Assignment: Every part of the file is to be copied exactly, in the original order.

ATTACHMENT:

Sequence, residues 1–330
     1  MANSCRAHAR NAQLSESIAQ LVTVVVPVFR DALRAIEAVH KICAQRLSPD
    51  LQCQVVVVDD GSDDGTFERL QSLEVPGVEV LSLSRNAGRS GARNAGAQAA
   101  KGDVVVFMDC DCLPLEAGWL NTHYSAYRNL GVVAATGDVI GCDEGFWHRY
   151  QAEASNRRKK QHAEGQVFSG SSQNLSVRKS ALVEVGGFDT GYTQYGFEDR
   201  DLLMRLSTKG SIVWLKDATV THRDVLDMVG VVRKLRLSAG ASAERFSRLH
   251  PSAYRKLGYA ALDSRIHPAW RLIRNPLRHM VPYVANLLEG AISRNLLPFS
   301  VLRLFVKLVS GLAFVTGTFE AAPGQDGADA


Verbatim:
Sequence, residues 1–330
     1  MANSCRAHAR NAQLSESIAQ LVTVVVPVFR DALRAIEAVH KICAQRLSPD
    51  LQCQVVVVDD GSDDGTFERL QSLEVPGVEV LSLSRNAGRS GARNAGAQAA
   101  KGDVVVFMDC DCLPLEAGWL NTHYSAYRNL GVVAATGDVI GCDEGFWHRY
   151  QAEASNRRKK QHAEGQVFSG SSQNLSVRKS ALVEVGGFDT GYTQYGFEDR
   201  DLLMRLSTKG SIVWLKDATV THRDVLDMVG VVRKLRLSAG ASAERFSRLH
   251  PSAYRKLGYA ALDSRIHPAW RLIRNPLRHM VPYVANLLEG AISRNLLPFS
   301  VLRLFVKLVS GLAFVTGTFE AAPGQDGADA